How to Fail Most Successfully

Ultra-Solutions, first coined by Paul Watzlawick, are solutions that in a previous situation worked brilliantly or at least to your satisfaction. Then you try the solution in another context and it turns into the opposite. The solution is worse than the disease. It is a way to fail most successfully.
NASA built silos for rockets against corrosion. The missiles were becoming increasingly larger, and the silos were increasingly getting higher. So high that the upper air began to condense and considerable corrosion of the rockets occurred. Thus, the solution to the problem turned into the reason why the solution did not work.Ultra-Solutions are a result of patterned thinking. The idea is that a new but similar problem will be solved by applying a more-of-the-same solution, which solved an earlier problem satisfactory.

It is smart to have a central handling of passengers and luggage at an airport. That saves manpower and infrastructure. It also ensures quick handling and flow. Despite a drastic increase in air traffic airports continued to maintain this solution. As a result, the travel time of a passenger of the central hall to the plane takes as much time as the flight time to any place in Europe.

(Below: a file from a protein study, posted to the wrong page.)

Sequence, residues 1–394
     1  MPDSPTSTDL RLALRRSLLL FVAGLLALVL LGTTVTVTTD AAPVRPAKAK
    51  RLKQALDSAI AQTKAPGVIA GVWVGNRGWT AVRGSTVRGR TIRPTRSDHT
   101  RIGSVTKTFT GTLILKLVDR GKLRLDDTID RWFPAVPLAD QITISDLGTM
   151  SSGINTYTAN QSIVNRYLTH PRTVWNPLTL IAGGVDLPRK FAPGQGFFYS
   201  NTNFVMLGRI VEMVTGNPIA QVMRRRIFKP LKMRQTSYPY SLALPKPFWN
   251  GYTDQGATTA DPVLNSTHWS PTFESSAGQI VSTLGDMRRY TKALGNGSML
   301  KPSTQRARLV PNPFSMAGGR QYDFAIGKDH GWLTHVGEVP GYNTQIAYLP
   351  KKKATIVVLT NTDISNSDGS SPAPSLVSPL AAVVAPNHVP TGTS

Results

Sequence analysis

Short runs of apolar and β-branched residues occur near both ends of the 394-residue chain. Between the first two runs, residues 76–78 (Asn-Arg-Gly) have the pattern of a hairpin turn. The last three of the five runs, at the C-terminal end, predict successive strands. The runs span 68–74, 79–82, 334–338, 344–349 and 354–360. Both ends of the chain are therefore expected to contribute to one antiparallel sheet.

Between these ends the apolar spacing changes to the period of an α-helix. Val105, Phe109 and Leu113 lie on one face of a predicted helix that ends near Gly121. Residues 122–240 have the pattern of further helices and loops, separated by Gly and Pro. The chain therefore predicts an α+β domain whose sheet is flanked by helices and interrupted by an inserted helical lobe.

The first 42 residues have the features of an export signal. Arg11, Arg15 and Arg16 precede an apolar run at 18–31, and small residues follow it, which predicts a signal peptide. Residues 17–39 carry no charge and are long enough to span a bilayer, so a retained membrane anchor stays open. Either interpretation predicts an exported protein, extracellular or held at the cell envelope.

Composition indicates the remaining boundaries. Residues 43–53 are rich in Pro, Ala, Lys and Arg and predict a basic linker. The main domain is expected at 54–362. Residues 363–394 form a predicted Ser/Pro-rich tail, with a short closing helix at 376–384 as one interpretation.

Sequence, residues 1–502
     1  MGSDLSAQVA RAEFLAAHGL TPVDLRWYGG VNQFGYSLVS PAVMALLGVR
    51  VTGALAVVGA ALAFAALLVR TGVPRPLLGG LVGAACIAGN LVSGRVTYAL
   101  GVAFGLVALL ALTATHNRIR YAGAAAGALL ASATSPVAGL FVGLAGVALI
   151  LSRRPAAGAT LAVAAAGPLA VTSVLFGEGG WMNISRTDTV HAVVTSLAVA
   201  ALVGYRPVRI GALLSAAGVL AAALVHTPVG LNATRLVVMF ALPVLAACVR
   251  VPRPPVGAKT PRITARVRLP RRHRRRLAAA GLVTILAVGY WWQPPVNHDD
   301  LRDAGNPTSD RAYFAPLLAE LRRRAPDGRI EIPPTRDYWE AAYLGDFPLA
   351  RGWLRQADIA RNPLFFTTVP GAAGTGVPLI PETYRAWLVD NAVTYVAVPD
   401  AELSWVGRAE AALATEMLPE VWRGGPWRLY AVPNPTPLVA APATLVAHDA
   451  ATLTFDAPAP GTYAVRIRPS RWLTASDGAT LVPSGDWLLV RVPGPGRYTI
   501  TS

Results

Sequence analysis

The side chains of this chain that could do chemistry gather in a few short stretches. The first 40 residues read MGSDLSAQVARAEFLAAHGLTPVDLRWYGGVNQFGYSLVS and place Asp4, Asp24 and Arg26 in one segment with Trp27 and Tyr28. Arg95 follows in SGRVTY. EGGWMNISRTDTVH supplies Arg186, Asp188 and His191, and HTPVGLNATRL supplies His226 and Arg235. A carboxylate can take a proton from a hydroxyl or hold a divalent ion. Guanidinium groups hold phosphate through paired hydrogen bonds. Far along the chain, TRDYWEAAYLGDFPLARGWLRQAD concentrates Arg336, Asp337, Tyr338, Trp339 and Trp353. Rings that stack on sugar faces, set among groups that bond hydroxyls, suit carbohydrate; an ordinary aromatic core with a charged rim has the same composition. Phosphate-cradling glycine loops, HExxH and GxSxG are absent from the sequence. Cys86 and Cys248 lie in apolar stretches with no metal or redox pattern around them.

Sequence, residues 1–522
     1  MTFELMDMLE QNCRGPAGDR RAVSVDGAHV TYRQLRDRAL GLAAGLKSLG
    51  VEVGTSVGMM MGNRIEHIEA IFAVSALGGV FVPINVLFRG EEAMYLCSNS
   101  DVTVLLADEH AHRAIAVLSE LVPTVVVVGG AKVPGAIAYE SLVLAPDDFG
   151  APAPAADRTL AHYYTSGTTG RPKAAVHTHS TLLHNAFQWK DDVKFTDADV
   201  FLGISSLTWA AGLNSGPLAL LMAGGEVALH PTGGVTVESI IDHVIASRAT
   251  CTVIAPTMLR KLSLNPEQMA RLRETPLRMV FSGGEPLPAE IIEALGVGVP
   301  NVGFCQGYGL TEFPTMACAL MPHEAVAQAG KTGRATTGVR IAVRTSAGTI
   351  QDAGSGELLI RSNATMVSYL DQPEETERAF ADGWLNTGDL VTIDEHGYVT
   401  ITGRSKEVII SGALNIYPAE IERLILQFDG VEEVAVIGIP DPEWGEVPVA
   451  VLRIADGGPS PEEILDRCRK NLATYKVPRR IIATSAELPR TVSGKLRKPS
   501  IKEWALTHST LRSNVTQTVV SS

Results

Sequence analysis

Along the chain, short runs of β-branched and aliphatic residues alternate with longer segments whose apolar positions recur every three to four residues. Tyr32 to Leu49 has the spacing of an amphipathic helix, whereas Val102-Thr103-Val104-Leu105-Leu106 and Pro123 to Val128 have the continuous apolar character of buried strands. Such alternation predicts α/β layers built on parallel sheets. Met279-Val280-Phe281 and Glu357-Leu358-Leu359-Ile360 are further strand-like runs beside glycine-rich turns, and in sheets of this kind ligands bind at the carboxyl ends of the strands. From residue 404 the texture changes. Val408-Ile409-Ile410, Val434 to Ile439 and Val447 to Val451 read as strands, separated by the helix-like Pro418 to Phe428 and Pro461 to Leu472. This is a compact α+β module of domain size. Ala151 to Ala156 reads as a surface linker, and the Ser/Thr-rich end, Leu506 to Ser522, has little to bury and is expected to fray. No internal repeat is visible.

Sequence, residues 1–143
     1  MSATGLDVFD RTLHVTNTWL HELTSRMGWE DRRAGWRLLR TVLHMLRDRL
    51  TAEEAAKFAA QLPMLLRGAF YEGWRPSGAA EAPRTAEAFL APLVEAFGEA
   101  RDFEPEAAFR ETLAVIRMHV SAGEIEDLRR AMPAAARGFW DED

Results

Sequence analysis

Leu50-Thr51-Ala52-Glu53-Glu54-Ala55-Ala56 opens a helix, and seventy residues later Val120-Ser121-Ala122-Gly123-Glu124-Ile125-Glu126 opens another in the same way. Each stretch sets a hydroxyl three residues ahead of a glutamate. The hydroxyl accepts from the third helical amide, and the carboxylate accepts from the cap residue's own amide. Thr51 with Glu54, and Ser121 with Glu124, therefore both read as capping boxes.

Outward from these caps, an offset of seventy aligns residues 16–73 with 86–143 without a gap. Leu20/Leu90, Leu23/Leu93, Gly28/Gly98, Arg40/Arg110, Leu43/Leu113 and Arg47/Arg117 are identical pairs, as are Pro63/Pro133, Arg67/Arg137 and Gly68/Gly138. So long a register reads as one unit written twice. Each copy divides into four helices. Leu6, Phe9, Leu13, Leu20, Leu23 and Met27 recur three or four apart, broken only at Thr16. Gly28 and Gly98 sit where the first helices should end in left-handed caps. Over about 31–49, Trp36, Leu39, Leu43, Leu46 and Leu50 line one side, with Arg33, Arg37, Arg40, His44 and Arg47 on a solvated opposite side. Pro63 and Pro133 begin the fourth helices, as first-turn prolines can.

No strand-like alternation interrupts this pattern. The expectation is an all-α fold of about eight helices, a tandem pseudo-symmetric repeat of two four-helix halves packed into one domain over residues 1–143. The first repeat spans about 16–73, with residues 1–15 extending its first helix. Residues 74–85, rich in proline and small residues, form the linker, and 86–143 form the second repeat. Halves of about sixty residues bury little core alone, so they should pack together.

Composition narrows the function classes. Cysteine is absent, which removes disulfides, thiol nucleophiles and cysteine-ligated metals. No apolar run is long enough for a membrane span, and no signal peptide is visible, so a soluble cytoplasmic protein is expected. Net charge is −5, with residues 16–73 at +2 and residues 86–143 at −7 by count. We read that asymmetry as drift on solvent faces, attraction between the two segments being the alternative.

It is wise to make business activity measurable. This means that you get more understanding of where efficiency gains can be achieved. To measure is to know. Therefore, the more aspects you measure, the better. This focus on measuring aspects have resulted in physicians having less and less time for consulting patients,  teachers giving fewer lectures, and nurses paying less attention to patients. Vital components of good health care and teaching have disappeared. As a result, the quality of the care may become less efficient since the patients have little time to explain and discuss their symptoms and there is little time to discuss preventative care.

Thus, sometimes an adequate solution turns into its opposite and becomes the problem. The problem could be described as lack of thinking. Old ideas are used in new situations without any proper examination of risks and potential problems. It is also one of the pitfalls of Yellow Hat Thinking that is used in the Six Hat Thinking framework.  Under this thinking framework, the attention is focused on different aspect, which helps tominimise neglecting to search for both positive aspects and risks and potential problems. However, it is easy to have a strong belief in an idea and a possible reversal of positives is difficult. Yet, it is necessary to search for faults with an open mind. This search belongs to Black Hat Thinking and stepping away from the search for positive aspects is a good strategy. A short break may help you to refocus on actively searching for risks and possible long-term consequences with a suggestion.

Photo: Architectural Design by chrisroll

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